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《Acta Archaeologia Sinica》 1986-01
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Fu Juyou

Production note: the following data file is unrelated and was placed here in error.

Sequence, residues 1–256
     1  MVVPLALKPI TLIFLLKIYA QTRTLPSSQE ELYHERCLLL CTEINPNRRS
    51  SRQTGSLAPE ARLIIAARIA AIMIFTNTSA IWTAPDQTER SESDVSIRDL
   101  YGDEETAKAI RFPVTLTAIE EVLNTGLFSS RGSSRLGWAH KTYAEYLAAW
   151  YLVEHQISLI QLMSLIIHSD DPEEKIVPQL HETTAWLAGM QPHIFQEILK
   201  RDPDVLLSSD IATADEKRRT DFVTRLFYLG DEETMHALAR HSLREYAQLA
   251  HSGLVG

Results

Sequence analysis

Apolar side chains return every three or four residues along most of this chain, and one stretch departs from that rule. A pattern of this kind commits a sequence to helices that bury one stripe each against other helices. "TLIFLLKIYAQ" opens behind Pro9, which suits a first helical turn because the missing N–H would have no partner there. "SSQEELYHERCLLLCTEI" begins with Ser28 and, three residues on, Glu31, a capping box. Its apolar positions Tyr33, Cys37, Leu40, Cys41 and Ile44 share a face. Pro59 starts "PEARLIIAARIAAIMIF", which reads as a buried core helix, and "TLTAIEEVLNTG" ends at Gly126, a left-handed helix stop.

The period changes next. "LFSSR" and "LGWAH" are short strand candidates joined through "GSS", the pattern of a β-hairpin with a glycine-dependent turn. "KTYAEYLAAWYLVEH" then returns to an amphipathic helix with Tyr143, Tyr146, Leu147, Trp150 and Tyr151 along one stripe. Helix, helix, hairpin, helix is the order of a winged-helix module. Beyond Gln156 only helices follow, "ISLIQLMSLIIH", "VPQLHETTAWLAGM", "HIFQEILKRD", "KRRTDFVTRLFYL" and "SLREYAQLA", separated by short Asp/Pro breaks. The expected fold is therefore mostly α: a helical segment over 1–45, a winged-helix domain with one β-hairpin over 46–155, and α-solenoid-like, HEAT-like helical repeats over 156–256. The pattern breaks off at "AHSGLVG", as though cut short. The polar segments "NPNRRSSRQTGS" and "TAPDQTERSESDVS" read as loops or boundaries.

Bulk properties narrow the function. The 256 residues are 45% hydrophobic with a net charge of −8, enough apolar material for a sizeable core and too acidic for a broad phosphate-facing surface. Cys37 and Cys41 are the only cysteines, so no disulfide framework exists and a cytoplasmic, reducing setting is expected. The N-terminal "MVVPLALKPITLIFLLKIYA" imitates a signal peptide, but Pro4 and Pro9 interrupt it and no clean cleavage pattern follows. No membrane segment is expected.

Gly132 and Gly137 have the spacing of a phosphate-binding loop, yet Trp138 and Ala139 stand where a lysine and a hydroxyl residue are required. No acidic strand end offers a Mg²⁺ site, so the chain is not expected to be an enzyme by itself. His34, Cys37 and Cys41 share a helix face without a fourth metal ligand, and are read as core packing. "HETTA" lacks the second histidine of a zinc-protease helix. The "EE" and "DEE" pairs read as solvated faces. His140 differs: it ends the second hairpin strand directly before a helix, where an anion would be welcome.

All the game articles of ancient China discovered so far in archaeological fieldwork were unearthed from Qin and Han tombs. Up to now two sets of game articles have been found in Qin tombs and about a dozen or more in Han ones. In addition, many models of such articles have been unearthed. A lot of figures of game articles and game scenes have also been found on unerthed pictorial stones and bricks and bronze mirrors.Information gathered from archaeological finds shows that Qin and Han game articles include chessboards, pieces, sticks (zhu or chou), dices (qiong) and a number of accessories such as mats, bags, boxes, paring knives, scrapers, etc.There were two principal games in the Qin and Han Dynasties. One of these was the throwing of zhu and the other was the throwing of qiong. The zhu-throwing game was sub divided into the games of throwing 2,6 and 8 zhu with that of throwing 6 zhu as the most popular one, which was called "big game". The qiong-throwing game was also divided into the games of t ng. The game of throwing 2 qiong was called "little game".he emergence of these games can be traced back at least to the Shang Dynasty.They become quite popular durnig the Eastern Zhou Dynasty and reached their height during the Han Dynasty, They were much enjoyed by the ruling clase of the Han Dynasty and were thus greatly encouraged. As a result, professional players came into being. From the above mentined archaeological finds and related historical records, we can form a vague idea of the ways the games were actually played, but it is impossible now to find out how they were played exactly. The methods of playing these games began to change during the Wei-Jin period, and by the time of the Tang Dynasty, the original methods of playing had completely lost.Among the bronze mirrors prevalent during the Qin and Han Dynasties, there is a kind of mirror the back of which is decorated with, geometrical patterns which seem to form a chessboard. This kind of mirror is generally called "TLV mirror". T decline of such mirrors coincided exactly with those of the games of the Qin and Han Dynasties. Tn the opinion of the author of this article, this kind of bronze mirror should be called "chessboard mirror".
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